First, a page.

Whey has been shown to be an ideal protein source because it’s rapidly absorbed by the body. Whey is also high in essential amino acids, particularly leucine.
Rarely, however, have researchers tested how whey protein acts with different types of workouts.
Canadian researchers examined the effect of whey protein supplementation following two different workouts. They also tested how long after each workout the increase in protein synthesis lasted.
Healthy men performed either one set or three sets of knee extension exercises, immediately after which they consumed 20g of whey protein.
Muscle protein synthesis (muscle-building) measures were taken five hours after the exercise and protein feeding. For both groups, muscle protein synthesis was significantly increased. But, the increase was greater for the three-set exercise group (3.1 fold) compared to the one-set exercise group (2.3 fold).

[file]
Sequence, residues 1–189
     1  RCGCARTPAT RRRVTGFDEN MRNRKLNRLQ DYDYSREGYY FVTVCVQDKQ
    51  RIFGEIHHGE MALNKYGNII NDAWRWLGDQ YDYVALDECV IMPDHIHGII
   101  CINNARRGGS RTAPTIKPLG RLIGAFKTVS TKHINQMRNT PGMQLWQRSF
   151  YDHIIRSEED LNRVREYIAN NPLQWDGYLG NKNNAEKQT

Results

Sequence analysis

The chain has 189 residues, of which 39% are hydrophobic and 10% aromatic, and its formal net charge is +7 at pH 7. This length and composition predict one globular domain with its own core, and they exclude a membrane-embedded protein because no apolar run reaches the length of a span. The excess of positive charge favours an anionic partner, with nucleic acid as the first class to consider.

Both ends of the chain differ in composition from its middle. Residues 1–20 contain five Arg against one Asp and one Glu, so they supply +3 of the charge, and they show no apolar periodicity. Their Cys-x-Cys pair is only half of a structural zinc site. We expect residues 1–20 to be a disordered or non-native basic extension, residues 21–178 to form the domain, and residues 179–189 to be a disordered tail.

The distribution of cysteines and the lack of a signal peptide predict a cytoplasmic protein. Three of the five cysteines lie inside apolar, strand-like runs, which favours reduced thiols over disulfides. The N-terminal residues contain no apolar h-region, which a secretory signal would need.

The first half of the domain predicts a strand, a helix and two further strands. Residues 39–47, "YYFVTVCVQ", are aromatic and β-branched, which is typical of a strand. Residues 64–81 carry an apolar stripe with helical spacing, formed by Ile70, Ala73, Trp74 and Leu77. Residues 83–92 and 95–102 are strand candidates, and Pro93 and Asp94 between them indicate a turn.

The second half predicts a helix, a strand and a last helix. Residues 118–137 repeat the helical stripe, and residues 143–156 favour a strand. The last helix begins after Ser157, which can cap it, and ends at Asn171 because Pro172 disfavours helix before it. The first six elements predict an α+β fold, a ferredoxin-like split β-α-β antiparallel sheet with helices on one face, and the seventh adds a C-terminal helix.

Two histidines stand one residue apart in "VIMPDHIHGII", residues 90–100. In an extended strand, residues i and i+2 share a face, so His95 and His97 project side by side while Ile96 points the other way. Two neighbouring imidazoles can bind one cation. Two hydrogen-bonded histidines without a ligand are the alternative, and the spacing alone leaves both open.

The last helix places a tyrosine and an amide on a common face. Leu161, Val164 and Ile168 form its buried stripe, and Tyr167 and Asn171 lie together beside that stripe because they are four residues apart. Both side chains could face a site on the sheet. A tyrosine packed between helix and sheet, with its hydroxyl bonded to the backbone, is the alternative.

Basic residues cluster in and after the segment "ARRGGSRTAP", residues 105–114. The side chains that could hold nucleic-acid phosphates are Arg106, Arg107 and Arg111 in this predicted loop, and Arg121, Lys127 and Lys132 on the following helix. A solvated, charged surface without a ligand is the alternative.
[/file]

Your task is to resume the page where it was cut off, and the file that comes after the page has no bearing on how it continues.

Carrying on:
Measures were taken again 24 hours later. Protein synthesis had returned to baseline for the one-set exercise group but remained higher (2.3 fold) for the three-set exercise group.
These findings confirm whey protein increases protein synthesis and therefore serves as a good protein source after exercise. The effects of whey are greater and last longer when multiple sets rather than a single set of resistance exercise is performed.